Not so innocent: how fast food stalled and big brands acted small

Posted on by

“Pop a bit of foil on the top and make it Italian: Bingo! Upper-middle-class Fanta.” – Rory Sutherland

There was a time not long ago when the consensus was that all food would soon be fast.

McDonald’s grew at incredible pace during the 1970s and 80s as they spearheaded the standardisation of food preparation, and bragged of their ability to serve exactly the same menu items anywhere in the world.

During the same period microwaves started appearing in every kitchen, and ready-made meals were heralded as the future of cooking. Just as washing machines and tumble dryers had freed us from the burden of endless laundry, microwaves promised a shiny new future where toiling over the stove was a thing of the past.

Perhaps Roald Dahl had got it right in Charlie and Chocolate Factory, where a delicious three course meal could be contained in a single stick of chewing gum. This was the future, surely.

But as so happens with these things first there was a quiet murmur of discontent and then a fully fledged rebellion. In Italy, in 1986, Carlo Petrini launched Slow Food, a movement that extolled the virtues of regional, seasonal and sustainable food and drink.

Top tier chefs started to carve a niche by emphasising the same values in their cooking, and gained rave reviews, Michelin stars and cookbook sales in the process.

Go to any reasonably good restaurant today and the menu will be at pains to assure you their ingredients are in season and locally sourced. Wander down a supermarket aisle and words such as “organic” and “fresh” are everywhere.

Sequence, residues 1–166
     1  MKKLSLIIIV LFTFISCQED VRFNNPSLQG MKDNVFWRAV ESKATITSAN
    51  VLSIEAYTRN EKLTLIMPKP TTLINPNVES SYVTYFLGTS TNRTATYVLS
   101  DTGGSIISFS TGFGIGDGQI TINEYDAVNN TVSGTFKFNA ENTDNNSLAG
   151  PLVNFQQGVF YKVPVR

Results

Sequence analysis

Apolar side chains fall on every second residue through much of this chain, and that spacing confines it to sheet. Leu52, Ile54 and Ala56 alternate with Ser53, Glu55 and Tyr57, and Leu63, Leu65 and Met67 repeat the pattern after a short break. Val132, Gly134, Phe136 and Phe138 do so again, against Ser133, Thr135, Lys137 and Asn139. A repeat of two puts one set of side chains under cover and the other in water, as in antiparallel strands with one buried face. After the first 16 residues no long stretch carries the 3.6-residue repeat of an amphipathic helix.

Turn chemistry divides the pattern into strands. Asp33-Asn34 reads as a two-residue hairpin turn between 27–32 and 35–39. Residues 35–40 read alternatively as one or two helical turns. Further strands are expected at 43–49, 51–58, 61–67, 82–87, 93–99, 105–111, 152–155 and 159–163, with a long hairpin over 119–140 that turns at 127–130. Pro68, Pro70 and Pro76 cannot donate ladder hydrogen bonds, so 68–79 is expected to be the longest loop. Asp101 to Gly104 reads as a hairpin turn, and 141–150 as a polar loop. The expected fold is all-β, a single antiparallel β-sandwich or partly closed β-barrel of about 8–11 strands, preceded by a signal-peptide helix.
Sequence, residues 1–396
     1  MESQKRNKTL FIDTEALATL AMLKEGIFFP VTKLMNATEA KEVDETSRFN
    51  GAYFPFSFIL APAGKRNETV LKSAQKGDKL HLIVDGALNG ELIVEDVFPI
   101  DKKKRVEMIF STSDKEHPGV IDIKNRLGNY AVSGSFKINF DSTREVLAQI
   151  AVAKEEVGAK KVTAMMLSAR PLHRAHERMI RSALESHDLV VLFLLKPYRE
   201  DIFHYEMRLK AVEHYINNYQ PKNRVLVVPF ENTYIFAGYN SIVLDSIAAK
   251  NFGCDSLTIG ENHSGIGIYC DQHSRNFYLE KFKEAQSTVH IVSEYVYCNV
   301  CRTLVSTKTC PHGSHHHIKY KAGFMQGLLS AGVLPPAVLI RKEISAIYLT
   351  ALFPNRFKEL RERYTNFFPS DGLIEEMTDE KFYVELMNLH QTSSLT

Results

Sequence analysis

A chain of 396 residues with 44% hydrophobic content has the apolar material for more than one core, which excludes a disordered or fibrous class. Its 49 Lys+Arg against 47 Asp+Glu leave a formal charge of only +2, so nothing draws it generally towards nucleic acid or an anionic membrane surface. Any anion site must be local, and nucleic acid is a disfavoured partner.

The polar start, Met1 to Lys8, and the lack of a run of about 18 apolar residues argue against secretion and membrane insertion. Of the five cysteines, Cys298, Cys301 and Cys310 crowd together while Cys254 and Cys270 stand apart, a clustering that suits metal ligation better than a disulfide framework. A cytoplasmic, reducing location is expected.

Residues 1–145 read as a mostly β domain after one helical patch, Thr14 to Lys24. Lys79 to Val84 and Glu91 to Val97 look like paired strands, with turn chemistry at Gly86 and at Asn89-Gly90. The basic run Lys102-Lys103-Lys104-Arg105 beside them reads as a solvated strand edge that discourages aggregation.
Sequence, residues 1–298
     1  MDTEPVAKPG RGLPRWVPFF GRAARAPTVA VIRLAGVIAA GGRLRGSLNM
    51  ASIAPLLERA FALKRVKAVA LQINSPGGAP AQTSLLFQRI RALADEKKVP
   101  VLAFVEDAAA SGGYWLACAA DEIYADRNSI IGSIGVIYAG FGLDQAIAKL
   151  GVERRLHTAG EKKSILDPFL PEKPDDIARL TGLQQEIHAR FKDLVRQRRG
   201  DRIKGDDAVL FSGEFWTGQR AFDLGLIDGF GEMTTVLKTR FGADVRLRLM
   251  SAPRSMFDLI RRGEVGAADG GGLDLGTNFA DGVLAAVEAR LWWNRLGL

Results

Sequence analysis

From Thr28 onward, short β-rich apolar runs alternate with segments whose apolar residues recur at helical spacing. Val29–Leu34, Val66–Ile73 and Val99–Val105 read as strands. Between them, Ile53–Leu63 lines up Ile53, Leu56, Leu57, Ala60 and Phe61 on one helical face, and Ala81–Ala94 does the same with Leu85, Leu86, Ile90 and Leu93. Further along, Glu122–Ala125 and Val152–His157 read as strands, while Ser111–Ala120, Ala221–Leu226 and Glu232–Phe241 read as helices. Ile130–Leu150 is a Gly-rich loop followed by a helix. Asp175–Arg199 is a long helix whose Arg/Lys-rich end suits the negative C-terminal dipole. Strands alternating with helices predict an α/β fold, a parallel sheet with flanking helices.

The marketing of food has shifted from convenience to provenance. Every bag of crisps and fruit drink now seems keen to assure us it was “hand cooked” and “made with love.”

This is a boom time for smaller producers, and at Hotfoot we love to work with growing companies that genuinely do care deeply about the quality and authenticity of their products.

But the corporate food and drink industry is working hard to capitalise on the trend, and some brands are not as they seem.

Innocent Drinks is owned by Coca-Cola; San Pellegrino was acquired by a division of Nestlé; Green & Black’s chocolate is part of Mondelēz International; and Camden Town Brewery is now owned by Anheuser-Busch InBev, the world’s biggest drinks company.

Change is happening, but not so fast.

This article first appeared in the Lancashire Post, Lancaster Guardian and other Johnston Press titles where I write a weekly column.

Related Posts

This entry was posted in Brand, Brand Trends, Design, Hospitality, Hotfoot, Lancashire, Lancaster, Marketing and tagged , , , , , , , on by .

We’d Love To Work With You

Get in touch & let’s chat through your project

Awards & Accreditations

  • The Drum Recommended
  • Marketing Lancashire
  • The Bibas Winner
  • Lancashire Business Awards Nominee 2016
  • Boost Business Lancashire
  • Cumbria Tourism
  • Awwwards Nominee 2016
  • Digital Lancashire Founding Member
  • Lakes Hospitality Association
  • Red Rose Winner